When it starts to rain heavily, the wife tells her husband she will look for the stray cat they spotted earlier. As she walks out into the storm, peaceful music plays and she is transferred to a more colorful and serene mood. She is unable to find the cat and comes back to her room only to be notified by a maid the cat was found by the door attendee and is given to the couple.

After the two student films and technical difficulties preventing the showing of third, the faculty got their chance to show their pieces of art.

Professor Lance Levesque showed his film titled “Little Miss Muff.” The film version of the classic tale “Little Miss Muffet” showed a woman eating in a meadow in a sepia-toned landscape. As she is eating, a large, hairy, and comically designed spider hangs down and causes her to drop her meal. As a substitute for her lost lunch she begins to devour the arachnid in an uninterrupted manner in which her eyes conform to odd directions and a smile is hidden under the hairy legs of the spider in her mouth.

After his first film came Levesque’s second, “Cancer Stix.” The subject of this film was a smoker surrounded by filled ashtrays during his daily activities. The character decides to quit and is tormented by dancing cigarettes and memories of his blissful smoking days.

Leimbacher was then given her chance to show her film “Mother Tongue.” With inspiration stemming from her mother she plays a recording of an interview with her mother in which she describes her mothering. In the film, footage of people in streets and a little girl walking in an old-style dress.

As the film progresses more of each piece of footage is revealed to the audience and it ends with a large face of a little girl looking at the camera to the audience. After “Mother Tongue” came Professor Larry Benaquist’s documentary, “The Art of Paul Pollaro.”

The film follows the creative process of artist Paul Pollaro who works with pieces of wood, clothe, and metal and creates border after border resulting in a creative scene. The music to each scene is a offbeat striking of keys on a piano adding an audible element to his works of art. Benaquist made the film with students at the time. The faculty stepped down once again allowing students to take the screen.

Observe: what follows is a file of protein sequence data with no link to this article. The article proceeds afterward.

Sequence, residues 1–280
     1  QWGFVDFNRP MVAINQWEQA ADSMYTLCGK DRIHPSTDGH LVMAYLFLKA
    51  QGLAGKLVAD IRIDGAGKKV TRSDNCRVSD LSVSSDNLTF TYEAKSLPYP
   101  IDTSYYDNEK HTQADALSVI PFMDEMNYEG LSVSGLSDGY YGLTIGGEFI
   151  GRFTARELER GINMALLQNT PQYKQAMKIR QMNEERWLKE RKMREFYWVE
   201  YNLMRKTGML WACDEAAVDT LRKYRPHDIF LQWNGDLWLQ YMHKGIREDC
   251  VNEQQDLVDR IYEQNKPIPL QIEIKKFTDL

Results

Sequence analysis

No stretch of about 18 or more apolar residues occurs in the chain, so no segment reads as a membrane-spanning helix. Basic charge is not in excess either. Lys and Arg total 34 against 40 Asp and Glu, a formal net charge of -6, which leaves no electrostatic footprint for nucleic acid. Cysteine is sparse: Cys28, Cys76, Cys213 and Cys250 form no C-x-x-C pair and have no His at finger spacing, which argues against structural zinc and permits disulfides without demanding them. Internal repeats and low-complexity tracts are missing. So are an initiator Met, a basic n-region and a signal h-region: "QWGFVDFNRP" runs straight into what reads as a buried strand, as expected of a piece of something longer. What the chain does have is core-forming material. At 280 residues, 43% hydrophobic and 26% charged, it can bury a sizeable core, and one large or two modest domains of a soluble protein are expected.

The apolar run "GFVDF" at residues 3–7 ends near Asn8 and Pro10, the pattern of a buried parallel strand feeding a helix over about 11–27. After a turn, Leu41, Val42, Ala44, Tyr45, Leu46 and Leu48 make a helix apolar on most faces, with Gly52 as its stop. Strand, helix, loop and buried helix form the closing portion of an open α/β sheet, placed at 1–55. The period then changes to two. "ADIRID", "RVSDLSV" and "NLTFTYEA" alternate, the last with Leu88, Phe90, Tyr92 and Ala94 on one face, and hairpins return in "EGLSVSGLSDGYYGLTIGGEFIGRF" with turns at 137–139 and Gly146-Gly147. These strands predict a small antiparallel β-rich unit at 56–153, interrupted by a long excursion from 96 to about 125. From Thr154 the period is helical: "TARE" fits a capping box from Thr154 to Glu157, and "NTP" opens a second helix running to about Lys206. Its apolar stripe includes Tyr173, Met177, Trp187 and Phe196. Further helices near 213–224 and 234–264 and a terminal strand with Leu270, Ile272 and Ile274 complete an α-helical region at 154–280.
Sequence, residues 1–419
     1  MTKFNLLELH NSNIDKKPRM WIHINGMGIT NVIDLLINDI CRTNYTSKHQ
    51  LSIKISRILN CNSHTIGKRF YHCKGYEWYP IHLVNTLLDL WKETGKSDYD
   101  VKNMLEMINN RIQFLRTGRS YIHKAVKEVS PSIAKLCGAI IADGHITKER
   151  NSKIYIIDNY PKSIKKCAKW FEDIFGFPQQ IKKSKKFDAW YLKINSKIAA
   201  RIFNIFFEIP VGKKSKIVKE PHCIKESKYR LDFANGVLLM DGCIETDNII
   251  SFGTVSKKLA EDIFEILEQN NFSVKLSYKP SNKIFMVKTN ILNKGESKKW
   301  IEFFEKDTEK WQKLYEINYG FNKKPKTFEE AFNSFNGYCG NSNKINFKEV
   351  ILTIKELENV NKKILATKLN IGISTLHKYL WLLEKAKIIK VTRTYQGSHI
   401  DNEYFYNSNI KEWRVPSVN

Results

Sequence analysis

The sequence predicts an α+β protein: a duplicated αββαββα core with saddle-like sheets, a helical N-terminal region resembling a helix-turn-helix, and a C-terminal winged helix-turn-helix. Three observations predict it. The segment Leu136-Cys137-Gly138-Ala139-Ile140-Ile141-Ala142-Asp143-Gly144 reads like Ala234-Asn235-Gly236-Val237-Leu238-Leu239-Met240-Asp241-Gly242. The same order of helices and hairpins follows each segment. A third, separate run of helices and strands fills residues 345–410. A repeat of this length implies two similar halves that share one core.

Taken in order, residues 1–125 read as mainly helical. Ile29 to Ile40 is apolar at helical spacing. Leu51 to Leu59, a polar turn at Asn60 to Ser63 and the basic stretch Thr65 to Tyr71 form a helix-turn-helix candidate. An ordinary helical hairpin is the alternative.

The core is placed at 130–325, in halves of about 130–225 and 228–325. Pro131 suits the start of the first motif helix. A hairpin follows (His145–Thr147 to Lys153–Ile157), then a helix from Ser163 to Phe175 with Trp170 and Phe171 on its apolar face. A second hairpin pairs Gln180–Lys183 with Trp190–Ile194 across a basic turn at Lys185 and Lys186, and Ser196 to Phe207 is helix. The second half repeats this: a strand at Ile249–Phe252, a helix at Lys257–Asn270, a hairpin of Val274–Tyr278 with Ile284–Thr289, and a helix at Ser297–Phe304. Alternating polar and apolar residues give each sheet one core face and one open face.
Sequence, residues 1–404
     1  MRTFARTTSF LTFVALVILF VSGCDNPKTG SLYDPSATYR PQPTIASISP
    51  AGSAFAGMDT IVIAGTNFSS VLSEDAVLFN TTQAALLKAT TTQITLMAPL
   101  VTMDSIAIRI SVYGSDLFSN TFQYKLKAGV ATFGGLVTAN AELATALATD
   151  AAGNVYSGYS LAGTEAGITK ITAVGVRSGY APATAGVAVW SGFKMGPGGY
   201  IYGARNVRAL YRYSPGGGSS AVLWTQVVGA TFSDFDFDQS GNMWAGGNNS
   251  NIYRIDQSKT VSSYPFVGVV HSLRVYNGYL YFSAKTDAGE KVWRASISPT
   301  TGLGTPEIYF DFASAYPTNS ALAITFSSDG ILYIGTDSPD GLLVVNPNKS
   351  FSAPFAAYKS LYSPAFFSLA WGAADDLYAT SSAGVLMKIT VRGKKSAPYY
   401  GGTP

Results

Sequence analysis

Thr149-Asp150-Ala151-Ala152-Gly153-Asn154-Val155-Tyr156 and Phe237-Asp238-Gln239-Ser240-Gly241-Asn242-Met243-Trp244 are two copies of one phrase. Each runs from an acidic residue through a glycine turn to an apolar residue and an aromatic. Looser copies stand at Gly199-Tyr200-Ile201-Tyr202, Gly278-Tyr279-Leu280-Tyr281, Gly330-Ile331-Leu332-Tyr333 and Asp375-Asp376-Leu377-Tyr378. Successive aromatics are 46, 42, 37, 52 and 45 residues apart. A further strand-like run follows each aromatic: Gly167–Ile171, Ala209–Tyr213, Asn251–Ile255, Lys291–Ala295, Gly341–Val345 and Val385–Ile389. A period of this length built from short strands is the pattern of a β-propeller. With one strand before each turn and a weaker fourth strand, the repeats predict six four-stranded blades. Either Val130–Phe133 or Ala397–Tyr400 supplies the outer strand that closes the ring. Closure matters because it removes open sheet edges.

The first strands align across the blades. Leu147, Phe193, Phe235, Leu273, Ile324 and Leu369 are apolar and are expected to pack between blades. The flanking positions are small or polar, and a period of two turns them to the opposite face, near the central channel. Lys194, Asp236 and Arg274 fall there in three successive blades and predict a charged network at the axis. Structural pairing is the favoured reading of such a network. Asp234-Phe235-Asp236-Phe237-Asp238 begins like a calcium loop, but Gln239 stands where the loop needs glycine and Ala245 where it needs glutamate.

The experimental film titled “Together or Not” by KSC Film Student Andrew Hodgdon displayed a small square in which a waltz of lines and dots decorated the area. Words such as the phrase “Fus Ro Dah” from the popular game “Elder Scrolls V Skyrim” caused some laughs heard in the audience. The music was a techno beat and after some time another square section appeared parallel to the first square and began its accompanying display. When asked why he made the film, the director responded saying, “Why does anyone make anything?”

The final film of the night, titled “naked” by Corey Stein, was displayed not only upside down, but in reverse. In this state moviegoers were given a unique perspective and some told him it actually worked. The film, in proper viewing format, displayed an elderly woman near an ocean dancing in a fashion imitating swimming and then cut to over-water footage of people in the nude swimming in a pool. The film went back and forth to the two subjects with both under and over-water shots of the swimmers.

As the film progressed the elderly woman began to smile but less and less ultimately resulting in a sad frown. After a deserved applause guests were invited to dine and talk to the filmmakers involved in the night’s event.


Ryan Loredo can be contacted at keene-equinox.com